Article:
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If one has access to a polynomial algorithm solving $Z$, then there exists a polynomial algorithm for $Z$. That's the main point of reductions for complexity classes. Problem $X$ is at least as hard as problem $Z$. Another point to be made here is that the class $NP$ is about worst-case complexity, i.e. language $X$ can be $NP$-hard because some instances ...


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You explain how to convert a ZPP machine to a BPP machine. This means that if a problem is in ZPP, then it is also in BPP. In other words, ZPP is contained in BPP.


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The trick to reducing any NP problem to SAT is 1) writing a subroutine that checks the polynomially-sized certificate, 2) converting that routine to a circuit, and 3) flattening the circuit to CNF using the usual methods. For example, to convert integer factorization to SAT, you would write a routine that multiplies two $n$-bit multipliers producing a 2$n$-...


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Let us actually prove more: If $L$ is a language and $L \not\in \mathsf{R}$, then $L \not\le_\mathrm{T} L'$ for any $L' \in \mathsf{R}$. (Here, $\le_\mathrm{T}$ indicates a Turing reduction; this is synonymous with your notion of a "computability" reduction.) In other words, $\mathsf{R}$ is closed under Turing reductions. Suppose towards a contradiction ...


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Usually, there are no intuitive or enlightening reductions between problems in different problem domains. The proof that 3SAT is NP-complete is essentially by writing a formula that says "This NP Turing machine accepts this input." For other problems about logical formulas, you can often translate the formula into a 3SAT instance. Sometimes, you can ...


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Preparation Since we are talking about the exact number of steps run by a Turing machine (TM), a fixed formal definition of TM is in order. This answer assumes the popular definition of a one-tape Turing machine as in Hopcroft and Ullman (1979, p. 148). Let $N(w) \downarrow$ denote $N$ on $w$ halts eventually. Let $N(w) \uparrow$ denote $N$ on $w$ never ...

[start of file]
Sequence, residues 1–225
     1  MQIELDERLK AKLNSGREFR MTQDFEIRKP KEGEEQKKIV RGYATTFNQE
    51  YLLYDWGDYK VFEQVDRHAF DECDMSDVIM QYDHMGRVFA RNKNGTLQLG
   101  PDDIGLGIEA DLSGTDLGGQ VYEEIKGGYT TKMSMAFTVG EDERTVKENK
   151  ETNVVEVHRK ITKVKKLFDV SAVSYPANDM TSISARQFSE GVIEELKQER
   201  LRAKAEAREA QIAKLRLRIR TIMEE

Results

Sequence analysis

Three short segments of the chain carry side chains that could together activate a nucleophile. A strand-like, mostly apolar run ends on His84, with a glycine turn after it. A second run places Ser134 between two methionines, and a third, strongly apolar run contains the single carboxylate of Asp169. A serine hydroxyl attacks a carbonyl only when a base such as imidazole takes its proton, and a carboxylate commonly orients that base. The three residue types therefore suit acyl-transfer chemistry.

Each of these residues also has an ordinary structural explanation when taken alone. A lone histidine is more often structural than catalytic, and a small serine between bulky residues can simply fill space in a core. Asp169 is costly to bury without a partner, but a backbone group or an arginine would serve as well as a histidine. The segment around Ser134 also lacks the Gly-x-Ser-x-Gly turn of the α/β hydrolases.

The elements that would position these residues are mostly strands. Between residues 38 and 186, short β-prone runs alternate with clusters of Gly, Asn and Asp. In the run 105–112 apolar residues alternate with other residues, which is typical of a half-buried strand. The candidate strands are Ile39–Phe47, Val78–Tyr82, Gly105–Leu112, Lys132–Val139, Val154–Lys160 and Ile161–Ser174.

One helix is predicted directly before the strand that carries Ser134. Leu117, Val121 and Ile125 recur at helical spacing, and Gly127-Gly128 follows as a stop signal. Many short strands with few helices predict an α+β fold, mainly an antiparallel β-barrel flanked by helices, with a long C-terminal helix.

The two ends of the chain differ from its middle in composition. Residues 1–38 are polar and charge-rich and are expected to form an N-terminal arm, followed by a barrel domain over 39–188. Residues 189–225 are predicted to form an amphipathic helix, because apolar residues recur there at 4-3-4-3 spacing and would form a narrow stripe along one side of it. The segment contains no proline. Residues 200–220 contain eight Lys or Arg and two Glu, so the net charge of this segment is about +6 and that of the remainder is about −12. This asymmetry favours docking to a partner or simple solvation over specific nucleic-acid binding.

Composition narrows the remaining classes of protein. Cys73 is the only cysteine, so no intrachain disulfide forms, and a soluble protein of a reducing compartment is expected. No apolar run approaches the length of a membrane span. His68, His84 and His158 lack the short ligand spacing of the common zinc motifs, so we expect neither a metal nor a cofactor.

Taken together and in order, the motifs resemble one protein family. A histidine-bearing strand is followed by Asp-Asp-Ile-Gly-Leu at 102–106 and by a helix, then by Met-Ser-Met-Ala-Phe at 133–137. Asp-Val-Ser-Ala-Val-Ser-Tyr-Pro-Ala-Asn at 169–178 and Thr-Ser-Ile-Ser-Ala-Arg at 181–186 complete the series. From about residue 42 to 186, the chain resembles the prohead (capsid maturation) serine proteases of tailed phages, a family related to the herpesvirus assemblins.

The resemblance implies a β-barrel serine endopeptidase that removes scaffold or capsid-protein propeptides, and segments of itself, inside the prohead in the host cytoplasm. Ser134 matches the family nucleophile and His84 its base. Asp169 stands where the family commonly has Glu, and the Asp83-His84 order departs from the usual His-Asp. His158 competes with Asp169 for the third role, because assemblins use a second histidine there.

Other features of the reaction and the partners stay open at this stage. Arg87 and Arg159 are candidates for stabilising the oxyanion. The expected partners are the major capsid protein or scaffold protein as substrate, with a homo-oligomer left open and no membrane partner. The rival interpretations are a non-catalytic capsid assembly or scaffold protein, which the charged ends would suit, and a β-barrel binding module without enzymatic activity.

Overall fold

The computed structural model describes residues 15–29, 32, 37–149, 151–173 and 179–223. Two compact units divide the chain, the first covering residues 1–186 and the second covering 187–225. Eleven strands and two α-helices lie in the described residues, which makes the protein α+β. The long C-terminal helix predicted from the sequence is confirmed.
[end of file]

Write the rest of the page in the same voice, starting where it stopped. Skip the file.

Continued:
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If you allow arbitrary $e_i$, you are in muddy ground. Are your numbers real? No way to express them finitely, NP-whatever right out the window. Rational? The input size can blow up almost arbitrarily, again nothing relevant to prove. Note that (for very good reasons) NP-hard and its ilk talk about the worst case complexity of the problem (that is well-...


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It is some sort of necro-answer to already answered and accepted question, but I want to note, that there is really easier way. Consider you have one of inequalities like this: $5*x_1 + 2*x_2 + 3*x_3 \leq 6$ You may easily test all no-vectors for this inequality: $(1, 1, 1)$, $(1, 1, 0)$ and $(1, 0, 1)$ others are ok. First vector $(1, 1, 1)$ means that ...


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Start with $5|E(G)|$ variables $x_{e,i}$, one for each $e \in E(G)$ and $i \in \{1,2,3,4,5\}$. Intuitively $x_{e,i}$ means that edge $e$ is colored with color $i$. A CNF formula $\phi$ can be obtained by the logical and of the following sub-formulas. Each edge must have exactly one color: At least one color, for each $e \in E(G)$: $(x_{e,1} \vee x_{e,2} \...


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Is that proof correct? Let's assume f is computable. Then I can show a TM which solves halting problem, actually even more - a TM which prints all halting TMs of given size. This TM works as following: Using blackbox for f, calculate f(n) Iterate through ALL possible TMs of input alphabet {0, 1}, states {0, 1..., n}, work alphabet {_, 0, 1, .... n} ...


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Suppose a maximum matching, of size r say, is removed from the graph, along with the endpoints of edges of the matching and edges incident to these endpoints. Suppose k vertices remain. These k vertices form an independent set (otherwise the graph would have had a larger matching, a contradiction)and so covering them requires k separate edges. So a minimum ...


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Here is the reduction from the halting problem, whether a given TM halts on empty input, as given in Yuval's comment. For a TM $M$, let $K$ be the same as $K$ but ignoring inputs. That is, for any input, $K$ will first erase the input so that it looks like an empty input is given. Then $K$ will simulate $M$ on empty input. When the simulation halts, $K$ ...


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